There are class action lawsuits against makers of Speed Stick, Dove & Degree. Allegations are that they lied to consumers about stain-preventing deodorant & antiperspirant technology.
A recent class action claims that Speed Stick Stainguard Antiperspirant doesn’t work to fight stains and white marks as advertised.
Colgate’s Speed Stick line includes several deodorant and antiperspirant products with various claims and qualities.
The brand’s “StainGuard” line is reportedly advertised as being able to fight yellow stains and white marks in addition to providing odor and wetness protection.
Ring of Fire’s Farron Cousins discusses this with Scott Hardy, President of Top Class Actions.
Did Deodorant Makers Lie?
In an interesting turn of events, several manufacturers of pit-stain fighting antiperspirants and deodorants just may have lied to consumers.
Sources at the Ring of Fire state that there are class action lawsuits claiming that the deodorant brands misled consumers.
Scott Hardy, President of Top Class Action shares the following discoveries with Ring of Fire’s Farron Cousins.
- Class action lawsuits have been filed against makers of Degreee Dry Spray, Dove Invisible Antiperspirant, and SpeedStick Stain Guard
- Makers claim that their antiperspirant won’t stain your shirts, no yellow marks
- Based on some due diligence and investigation, the science isn’t there to back up the claims
- Degree only does a slight reduction of Aluminum Chlorohydrate from 23.3% to 20.2%
- Dove Antiperspirant Spray — no difference between Invisible and non-invisible products, according to the class action. But, they still charge a premium for the Invisible antiperspirant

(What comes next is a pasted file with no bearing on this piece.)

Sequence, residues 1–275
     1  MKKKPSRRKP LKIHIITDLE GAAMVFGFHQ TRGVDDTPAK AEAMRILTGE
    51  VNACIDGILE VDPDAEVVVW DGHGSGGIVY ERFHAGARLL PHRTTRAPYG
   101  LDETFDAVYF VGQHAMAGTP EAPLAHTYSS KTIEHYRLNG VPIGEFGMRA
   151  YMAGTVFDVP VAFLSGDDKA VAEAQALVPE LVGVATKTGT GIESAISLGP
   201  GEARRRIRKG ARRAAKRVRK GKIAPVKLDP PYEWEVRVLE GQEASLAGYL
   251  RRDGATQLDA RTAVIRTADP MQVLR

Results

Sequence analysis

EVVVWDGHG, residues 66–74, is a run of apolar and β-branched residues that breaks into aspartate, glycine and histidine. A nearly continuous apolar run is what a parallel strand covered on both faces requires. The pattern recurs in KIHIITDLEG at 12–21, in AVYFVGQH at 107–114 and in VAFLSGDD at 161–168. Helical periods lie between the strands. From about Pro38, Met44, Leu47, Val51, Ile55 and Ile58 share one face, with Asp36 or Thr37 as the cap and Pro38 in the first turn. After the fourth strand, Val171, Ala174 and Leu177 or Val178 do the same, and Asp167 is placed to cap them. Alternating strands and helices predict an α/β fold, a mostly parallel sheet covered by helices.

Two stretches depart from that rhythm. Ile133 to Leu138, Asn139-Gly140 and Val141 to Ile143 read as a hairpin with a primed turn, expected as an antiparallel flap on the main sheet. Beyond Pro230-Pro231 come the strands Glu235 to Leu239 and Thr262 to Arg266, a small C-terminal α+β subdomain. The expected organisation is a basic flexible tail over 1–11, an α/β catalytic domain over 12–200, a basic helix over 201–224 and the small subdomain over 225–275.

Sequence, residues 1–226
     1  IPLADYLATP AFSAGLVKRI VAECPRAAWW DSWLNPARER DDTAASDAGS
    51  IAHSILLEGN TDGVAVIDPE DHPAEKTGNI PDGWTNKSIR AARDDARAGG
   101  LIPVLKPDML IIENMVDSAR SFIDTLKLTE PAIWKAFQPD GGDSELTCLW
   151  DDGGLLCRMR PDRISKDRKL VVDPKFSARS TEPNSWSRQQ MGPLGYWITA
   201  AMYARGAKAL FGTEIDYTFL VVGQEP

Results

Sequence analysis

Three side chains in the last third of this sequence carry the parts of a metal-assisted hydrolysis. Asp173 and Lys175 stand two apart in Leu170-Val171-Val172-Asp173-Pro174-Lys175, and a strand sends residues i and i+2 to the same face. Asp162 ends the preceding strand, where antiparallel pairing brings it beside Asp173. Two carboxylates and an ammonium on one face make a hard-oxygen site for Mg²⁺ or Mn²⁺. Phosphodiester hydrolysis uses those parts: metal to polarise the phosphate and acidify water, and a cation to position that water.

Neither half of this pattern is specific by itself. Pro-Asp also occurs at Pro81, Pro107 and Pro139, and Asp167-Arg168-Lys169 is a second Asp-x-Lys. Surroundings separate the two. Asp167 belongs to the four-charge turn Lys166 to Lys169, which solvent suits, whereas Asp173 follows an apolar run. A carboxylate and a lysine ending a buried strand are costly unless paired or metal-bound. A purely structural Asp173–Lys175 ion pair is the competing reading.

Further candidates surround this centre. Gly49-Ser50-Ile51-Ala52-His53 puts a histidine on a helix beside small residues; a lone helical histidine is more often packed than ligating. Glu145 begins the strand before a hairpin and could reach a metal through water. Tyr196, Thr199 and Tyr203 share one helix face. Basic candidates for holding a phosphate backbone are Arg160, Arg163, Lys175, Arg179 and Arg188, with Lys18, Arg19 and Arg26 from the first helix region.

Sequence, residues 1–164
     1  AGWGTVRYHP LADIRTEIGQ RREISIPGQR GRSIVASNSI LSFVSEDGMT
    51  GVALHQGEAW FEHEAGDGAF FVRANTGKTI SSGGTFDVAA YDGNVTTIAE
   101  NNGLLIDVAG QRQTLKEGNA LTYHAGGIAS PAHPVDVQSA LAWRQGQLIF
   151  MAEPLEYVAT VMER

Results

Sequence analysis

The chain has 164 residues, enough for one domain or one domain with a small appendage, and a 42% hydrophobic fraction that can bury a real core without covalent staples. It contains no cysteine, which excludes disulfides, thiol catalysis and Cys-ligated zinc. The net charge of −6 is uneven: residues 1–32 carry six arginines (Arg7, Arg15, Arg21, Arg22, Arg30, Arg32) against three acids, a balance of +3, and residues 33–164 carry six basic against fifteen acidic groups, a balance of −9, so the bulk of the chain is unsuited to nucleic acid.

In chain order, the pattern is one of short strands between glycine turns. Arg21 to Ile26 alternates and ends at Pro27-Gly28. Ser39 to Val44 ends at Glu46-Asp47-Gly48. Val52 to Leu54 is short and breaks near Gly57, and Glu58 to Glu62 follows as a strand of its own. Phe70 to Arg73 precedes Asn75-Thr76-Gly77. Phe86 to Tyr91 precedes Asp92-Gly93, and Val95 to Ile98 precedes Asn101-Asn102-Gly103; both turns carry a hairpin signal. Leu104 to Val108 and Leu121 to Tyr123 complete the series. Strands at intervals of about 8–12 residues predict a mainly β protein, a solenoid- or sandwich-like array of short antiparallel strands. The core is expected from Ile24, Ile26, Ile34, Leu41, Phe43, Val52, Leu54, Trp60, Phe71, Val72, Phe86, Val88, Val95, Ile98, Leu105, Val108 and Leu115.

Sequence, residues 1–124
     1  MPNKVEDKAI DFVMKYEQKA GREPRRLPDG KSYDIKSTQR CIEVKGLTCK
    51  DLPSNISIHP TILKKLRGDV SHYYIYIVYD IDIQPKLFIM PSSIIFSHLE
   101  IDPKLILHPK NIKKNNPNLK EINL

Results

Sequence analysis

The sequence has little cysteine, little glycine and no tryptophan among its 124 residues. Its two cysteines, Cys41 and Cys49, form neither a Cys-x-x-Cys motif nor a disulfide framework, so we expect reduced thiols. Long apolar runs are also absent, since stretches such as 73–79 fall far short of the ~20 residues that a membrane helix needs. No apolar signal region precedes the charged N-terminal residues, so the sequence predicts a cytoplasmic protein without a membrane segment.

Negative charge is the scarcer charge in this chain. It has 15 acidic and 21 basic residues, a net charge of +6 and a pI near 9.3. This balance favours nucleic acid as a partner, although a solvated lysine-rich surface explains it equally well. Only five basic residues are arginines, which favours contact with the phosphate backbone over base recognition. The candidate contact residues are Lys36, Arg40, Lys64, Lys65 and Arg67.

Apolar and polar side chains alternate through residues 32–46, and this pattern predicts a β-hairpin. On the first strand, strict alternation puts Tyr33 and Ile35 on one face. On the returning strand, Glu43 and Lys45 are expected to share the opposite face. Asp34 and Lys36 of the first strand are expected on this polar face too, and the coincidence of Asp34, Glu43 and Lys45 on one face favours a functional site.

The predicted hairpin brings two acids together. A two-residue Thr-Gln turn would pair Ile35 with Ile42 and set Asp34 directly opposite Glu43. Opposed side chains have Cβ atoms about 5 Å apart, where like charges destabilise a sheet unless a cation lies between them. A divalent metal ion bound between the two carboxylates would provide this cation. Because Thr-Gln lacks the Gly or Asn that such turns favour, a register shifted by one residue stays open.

- SpeedStick dilutes the aluminum zirconium content from 16% to only 10%
- No magic ingredient in any of the antiperspirants that are making them non-staining
These antiperspirant makers attempted to convince consumers that their products wouldn’t stain their shirts.
They charged a premium for these pit-stain fighting products, however they didn’t deliver on their promise.
Consumers believed that they could forego wearing an undershirt, something that would actually protect their shirt from antiperspirant stains.
So they not only paid a premium for the purported stain-blocking antiperspirant, they also lost more money by damaging shirts that otherwise could have been saved.
Deodorant Makers Lie: Video from Ring of Fire
Looking for ways to Remove Deodorant Stains?
If you have pit-stains shirts on your shirts, don’t worry.
There is a way to clean and remove the yellow or brown stains from your shirts.
Check out my Do It Yourself Deodorant Stain Remover article for information on how to create your own at-home pit-stain remover solution.
I’m kinda glad that Nivea isn’t part of this lawsuit. If you read this article, you’ll know what I mean.